The world consists of broken, twisted shattered memories of classic gameworlds. The character customisation is insanely deep, and your finished character represents one of John Dowse many, many dreamed up alter-Egos. The wide assortments of high profile developers take this customization to ridicilous levels. Do you consider John Dowse a Nintendophile that most likely spend his subjective mental breakdown as a gritty realistic crossover between Link and Nico Bellic? Well, create that.
This sandbox world acts as a hub that connects the wide assortment of different Gameworlds that the actual gameplay takes place in. These Gameworlds vary drasticly in terms of genre and gameplay. For an examply, there is 2D Metrodivania based Gameworld developed jointly by Capcom and Konami. There is a fighting based Gameworld by Capcom, an ever evolving 3D platform adventure collectathon by Nintendo and Rockstar. There is a driving world, a bullet Hell world by Treasure, and even an insanely deep game-editor world signed Mojang. This world, the Tabula Rasa, is in itself a tool that allows player to create game concepts aÂ´la Little Big Planet, and assign challenges that other players can take on.
Each and every progress you make in the different Gameworlds reflects upon your avatar, an in order to achieve the maximum level, one must be prepared to master each and every one of the 57 different game genres that the Puragame include when it ships. In this way, when you come across a high level avatar... you can be sure that you are facing a true power player, not just someone with alot of time.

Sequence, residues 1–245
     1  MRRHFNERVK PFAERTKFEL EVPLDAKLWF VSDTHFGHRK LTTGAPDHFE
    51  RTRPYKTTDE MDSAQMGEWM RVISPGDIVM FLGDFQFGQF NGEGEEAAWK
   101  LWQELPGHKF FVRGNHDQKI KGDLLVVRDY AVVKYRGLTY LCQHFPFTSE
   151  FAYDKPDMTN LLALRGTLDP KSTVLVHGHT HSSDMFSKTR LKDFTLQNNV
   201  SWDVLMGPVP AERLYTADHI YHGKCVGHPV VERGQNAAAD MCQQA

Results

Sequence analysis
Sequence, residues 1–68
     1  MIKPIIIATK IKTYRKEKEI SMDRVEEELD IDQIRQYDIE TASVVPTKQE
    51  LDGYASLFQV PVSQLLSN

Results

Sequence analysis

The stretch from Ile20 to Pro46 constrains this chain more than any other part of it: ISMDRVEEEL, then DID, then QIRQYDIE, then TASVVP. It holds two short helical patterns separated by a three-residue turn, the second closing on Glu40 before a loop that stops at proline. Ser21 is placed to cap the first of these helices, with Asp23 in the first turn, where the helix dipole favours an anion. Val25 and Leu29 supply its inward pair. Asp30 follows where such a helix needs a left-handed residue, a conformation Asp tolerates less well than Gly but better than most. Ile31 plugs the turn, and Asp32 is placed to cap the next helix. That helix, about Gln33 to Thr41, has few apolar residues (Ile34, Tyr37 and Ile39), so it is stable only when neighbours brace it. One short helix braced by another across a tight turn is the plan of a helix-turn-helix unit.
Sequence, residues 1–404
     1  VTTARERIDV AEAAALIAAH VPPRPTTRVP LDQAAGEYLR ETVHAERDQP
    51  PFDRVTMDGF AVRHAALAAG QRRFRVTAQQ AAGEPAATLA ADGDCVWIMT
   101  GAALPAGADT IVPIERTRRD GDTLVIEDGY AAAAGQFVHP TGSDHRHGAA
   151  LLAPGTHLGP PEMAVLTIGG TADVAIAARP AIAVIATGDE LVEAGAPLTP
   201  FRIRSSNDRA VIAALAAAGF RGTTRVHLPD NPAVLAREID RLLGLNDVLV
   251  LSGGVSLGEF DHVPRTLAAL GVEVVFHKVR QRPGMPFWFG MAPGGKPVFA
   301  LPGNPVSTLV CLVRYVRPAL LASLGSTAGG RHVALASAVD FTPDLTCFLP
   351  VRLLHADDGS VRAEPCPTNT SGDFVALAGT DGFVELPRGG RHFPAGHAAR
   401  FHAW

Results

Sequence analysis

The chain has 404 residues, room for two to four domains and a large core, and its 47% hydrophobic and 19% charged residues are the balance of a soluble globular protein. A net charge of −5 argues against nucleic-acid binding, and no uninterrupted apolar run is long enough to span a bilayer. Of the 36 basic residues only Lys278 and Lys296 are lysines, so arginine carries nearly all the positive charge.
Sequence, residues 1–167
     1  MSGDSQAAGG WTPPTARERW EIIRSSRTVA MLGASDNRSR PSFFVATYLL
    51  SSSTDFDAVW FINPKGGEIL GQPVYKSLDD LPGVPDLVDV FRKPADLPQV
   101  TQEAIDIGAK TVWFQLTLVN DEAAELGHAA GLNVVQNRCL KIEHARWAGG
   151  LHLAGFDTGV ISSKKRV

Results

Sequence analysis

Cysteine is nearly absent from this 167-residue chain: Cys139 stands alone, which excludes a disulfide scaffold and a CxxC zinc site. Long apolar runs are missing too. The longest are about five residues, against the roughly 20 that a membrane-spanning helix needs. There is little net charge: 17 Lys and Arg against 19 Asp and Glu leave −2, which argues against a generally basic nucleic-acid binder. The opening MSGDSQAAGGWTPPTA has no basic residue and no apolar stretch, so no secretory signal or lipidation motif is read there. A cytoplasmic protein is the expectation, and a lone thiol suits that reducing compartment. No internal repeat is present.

The different gameworlds also works somewhat familliar to WOWs instances, meaning that you can form clans and co-op your way trough variations of almost all of the gameworlds. There is even a meta-trading card game developed by Atlus, that in it owns rival the Disgaea series in terms of depth and complexity.
Puragame is made possible by letting each studio develop their games independetly, and then tying it all together in a new Cloud-based network akin to onlive. Think of it like, your PSN Account or Gamertag were made up like a metagame, and all your achievments/trophies instead consisted of stats and equipment.
The only gripe i have with the game so far is that the loading screens seems atrocious, and altough the developers have tried to camouflage this in internal monologues John Dowse experience while going to the bathroom, tha actual monologues is written and directed by Hideo Kojima, and some of those thoughts go well beyond frightening madness. Like this line for examply.
"The Twilight series would make a sublime turn-based strategy game, say for... the Game.com"